Of these, 125,302 (32.28%) had a moderate or high risk stress test with no high risk anatomical or clinical features and met the ISCHEMIA study inclusion criteria.
Of the stable IHD patients who did not meet the ISCHEMIA study inclusion criteria, 71,852 (18.51%) had high risk criteria that they would have excluded from the ISCHEMIA study, a total of 67,159 (17.29%) patients had low risk criteria who would have excluded them from the ISCHEMIA study, and 123,899 (31.92%) were unclassifiable, either due to lack of exercise testing or the extent of ischemia, which was not reported on exercise tests.
The authors suggest that the unclassifiable patients represent a “higher risk” population than those very similar to the ISCHEMIA study population, with more previous myocardial infarctions and heart failure.
ISCHEMIA investigators respond
In an accompanying editorial, ISCHEMIA researchers David J. Maron, MD, Stanford University School of Medicine, California, and Sripal Bangalore, MD, and Judith S. Hochman, MD, New York University Grossman School of Medicine, New York City, that many of the Chatterjee et al. Featured patients were excluded from the ISCHEMIA study for good reason.
They explain that ISCHEMIA was developed on the premise that previous stable IHD strategy studies such as COURAGE and BARI 2D included lower risk patients, and the remaining gap was the benefit of invasive management in patients at higher risk and moderate or severe stress to evaluate ischemia.
They indicate that of the NCDR patients with stable IHD in the current Chatterjee et al. Study who did not meet the ISCHEMIA entry criteria, 18.5% had high-risk traits, including 35.2% with left major artery disease of the coronary arteries, 43.7% with a left ventricular systolic dysfunction and 16.8% with end-stage renal failure.
Although ISCHEMIA results do not apply to patients excluded from the study, there is little controversy regarding the benefit of revascularization in patients with stable IHD with left ventricular coronary artery disease or left ventricular ejection fraction <35%, which is why they were excluded by ISCHEMIA, notice the editorials.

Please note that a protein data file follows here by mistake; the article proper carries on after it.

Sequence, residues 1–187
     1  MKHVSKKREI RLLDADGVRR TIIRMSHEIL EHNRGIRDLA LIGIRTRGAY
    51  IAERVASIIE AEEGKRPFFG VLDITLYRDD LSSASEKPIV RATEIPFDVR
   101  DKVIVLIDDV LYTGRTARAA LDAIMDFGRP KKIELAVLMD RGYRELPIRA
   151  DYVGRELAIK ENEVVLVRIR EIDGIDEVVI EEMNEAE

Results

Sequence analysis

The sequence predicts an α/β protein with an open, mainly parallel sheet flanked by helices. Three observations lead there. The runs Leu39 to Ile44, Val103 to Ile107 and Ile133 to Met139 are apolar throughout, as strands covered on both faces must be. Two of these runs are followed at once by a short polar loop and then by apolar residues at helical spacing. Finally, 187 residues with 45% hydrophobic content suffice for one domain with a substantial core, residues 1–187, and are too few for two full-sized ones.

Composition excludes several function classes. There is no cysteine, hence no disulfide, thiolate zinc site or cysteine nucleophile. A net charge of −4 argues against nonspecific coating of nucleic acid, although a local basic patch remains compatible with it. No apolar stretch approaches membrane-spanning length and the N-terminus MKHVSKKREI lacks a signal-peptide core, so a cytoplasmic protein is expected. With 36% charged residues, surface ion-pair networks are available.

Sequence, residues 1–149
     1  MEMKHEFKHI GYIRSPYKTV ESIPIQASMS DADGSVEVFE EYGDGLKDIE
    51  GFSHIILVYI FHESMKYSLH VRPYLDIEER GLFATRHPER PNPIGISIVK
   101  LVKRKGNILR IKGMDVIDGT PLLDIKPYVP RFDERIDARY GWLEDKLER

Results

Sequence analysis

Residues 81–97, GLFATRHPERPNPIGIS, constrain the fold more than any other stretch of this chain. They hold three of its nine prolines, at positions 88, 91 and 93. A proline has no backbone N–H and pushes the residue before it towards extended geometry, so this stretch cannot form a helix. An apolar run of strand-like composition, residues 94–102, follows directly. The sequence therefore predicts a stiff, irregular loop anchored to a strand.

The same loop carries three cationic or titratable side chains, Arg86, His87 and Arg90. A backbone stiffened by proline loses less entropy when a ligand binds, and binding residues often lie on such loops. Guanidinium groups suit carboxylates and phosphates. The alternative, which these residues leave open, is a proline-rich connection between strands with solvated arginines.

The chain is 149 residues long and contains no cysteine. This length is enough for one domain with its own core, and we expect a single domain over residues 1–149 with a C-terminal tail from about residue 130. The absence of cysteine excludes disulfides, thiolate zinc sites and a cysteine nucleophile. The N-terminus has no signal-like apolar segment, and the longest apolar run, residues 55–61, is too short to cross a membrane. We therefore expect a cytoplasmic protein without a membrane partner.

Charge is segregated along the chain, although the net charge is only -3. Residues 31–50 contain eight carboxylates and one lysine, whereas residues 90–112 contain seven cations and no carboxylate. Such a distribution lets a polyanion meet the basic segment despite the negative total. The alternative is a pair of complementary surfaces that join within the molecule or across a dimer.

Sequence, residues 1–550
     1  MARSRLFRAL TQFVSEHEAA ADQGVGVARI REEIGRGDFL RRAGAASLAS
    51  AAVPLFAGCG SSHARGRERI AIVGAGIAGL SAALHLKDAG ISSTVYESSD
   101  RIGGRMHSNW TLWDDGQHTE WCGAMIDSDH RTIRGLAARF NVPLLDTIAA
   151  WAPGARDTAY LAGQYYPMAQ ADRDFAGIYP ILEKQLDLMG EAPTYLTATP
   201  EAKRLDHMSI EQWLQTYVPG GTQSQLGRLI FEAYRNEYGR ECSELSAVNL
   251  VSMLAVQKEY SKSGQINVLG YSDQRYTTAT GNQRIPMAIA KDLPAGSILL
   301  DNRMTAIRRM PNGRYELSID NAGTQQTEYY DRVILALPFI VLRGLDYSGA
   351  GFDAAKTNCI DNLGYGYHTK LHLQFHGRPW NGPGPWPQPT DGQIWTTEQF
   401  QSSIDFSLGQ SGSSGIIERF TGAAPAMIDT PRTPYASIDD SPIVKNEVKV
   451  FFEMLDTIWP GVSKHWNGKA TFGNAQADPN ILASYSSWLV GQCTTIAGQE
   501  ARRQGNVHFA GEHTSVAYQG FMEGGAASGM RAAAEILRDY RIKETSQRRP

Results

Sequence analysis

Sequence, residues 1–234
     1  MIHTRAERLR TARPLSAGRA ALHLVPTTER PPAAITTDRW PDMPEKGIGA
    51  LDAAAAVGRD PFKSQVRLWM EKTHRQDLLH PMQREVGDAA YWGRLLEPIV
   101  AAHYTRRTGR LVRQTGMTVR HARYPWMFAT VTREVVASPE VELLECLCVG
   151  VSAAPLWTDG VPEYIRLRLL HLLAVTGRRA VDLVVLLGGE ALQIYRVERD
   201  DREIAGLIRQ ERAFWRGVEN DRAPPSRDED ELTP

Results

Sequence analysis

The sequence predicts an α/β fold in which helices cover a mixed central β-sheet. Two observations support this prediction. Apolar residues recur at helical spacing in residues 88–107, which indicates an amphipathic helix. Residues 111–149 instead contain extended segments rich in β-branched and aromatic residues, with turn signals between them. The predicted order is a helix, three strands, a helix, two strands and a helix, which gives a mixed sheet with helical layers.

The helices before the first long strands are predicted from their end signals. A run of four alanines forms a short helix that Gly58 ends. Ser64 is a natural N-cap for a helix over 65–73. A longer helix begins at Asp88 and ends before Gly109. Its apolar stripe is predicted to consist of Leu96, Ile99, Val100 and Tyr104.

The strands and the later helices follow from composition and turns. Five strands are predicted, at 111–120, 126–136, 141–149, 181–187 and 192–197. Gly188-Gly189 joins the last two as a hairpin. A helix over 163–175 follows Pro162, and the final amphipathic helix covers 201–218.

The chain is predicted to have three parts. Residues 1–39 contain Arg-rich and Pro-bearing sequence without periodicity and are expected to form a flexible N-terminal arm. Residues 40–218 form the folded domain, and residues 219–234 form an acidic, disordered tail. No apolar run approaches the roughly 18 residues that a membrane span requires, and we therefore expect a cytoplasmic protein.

They also report that patients with end-stage renal disease who also failed to meet the inclusion criteria for ISCHEMIA were enrolled in the accompanying ISCHEMIA CKD study.
They also point out that at the other end of the risk spectrum, 17.3% of stable IHD patients in the current analysis had negative or low risk function tests and these patients were excluded from ISCHEMIA because they were not shown in COURAGE and BARI 2D by one Revascularization benefits and does not meet the guideline recommendations for elective PCI without symptoms.
Of the 31.9% of stable IHD patients who lacked data on ischemic exposure, the ISCHEMIA investigators say that some of them qualified for the study, although it is not possible to tell how many. They propose a conservative estimate of 50%.
Taking these arguments into account, the editors recalculated the proportion of NCDR-PCI patients with stable IHD who would have been included in ISCHEMIA at 62.1% to 68.6% of patients.
They say the current NCDR analysis by Chatterjee et al. At worst, it should be interpreted that the results of the ISCHEMIA study apply to only 32% of patients undergoing elective PCI in the United States, and at best, “the results apply to a far higher proportion, except just those with high risk (18.5%) or with unacceptable symptoms despite maximum drug therapy (proportion unknown), for which PCI is clearly indicated. “
The editors conclude: “The purpose of the Chatterjee et al. is to inform the cardiovascular community of the proportion of patients with stable IHD in clinical practice who would have been excluded from ISCHEMIA regardless of the logic of any exclusion criterion, this editorial is to provide a context for the analysis, admittedly from the View from ISCHEMIA investigators in the hope that this will help readers clearly understand the relevance of the study to the patients they are caring for. “
They add: “For practical and ethical reasons, ISCHEMIA excluded stable patients with high-risk characteristics, drug-poorly controlled angina, and low-risk characteristics who did not meet the evidence-based guidelines for revascularization for whom the ISCHEMIA study is highly relevant; exactly what percentage is based on the NCDR data is difficult to say. “
The ISCHEMIA study was supported by the National Heart, Lung, and Blood Institute.
JACC: resume interventions. Published online November 1, 2021. Abstract, Editorial.